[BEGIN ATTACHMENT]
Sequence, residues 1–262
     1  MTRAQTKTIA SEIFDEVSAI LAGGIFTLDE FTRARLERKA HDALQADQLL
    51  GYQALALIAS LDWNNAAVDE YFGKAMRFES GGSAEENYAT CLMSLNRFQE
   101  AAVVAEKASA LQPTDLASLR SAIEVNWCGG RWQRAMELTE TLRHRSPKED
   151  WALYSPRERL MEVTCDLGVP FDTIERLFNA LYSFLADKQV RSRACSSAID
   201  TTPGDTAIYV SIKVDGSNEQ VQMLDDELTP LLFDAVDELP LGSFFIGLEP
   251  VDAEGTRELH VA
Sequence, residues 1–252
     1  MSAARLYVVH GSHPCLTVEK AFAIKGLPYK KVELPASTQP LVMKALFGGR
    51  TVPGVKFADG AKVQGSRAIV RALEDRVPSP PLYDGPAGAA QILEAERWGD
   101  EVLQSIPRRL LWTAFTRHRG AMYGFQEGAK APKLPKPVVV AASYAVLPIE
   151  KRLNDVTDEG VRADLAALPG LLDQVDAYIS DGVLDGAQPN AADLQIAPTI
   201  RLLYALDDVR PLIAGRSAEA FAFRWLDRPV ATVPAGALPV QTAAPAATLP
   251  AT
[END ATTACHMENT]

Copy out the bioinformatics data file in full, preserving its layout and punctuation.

Sequence, residues 1–262
     1  MTRAQTKTIA SEIFDEVSAI LAGGIFTLDE FTRARLERKA HDALQADQLL
    51  GYQALALIAS LDWNNAAVDE YFGKAMRFES GGSAEENYAT CLMSLNRFQE
   101  AAVVAEKASA LQPTDLASLR SAIEVNWCGG RWQRAMELTE TLRHRSPKED
   151  WALYSPRERL MEVTCDLGVP FDTIERLFNA LYSFLADKQV RSRACSSAID
   201  TTPGDTAIYV SIKVDGSNEQ VQMLDDELTP LLFDAVDELP LGSFFIGLEP
   251  VDAEGTRELH VA
Sequence, residues 1–252
     1  MSAARLYVVH GSHPCLTVEK AFAIKGLPYK KVELPASTQP LVMKALFGGR
    51  TVPGVKFADG AKVQGSRAIV RALEDRVPSP PLYDGPAGAA QILEAERWGD
   101  EVLQSIPRRL LWTAFTRHRG AMYGFQEGAK APKLPKPVVV AASYAVLPIE
   151  KRLNDVTDEG VRADLAALPG LLDQVDAYIS DGVLDGAQPN AADLQIAPTI
   201  RLLYALDDVR PLIAGRSAEA FAFRWLDRPV ATVPAGALPV QTAAPAATLP
   251  AT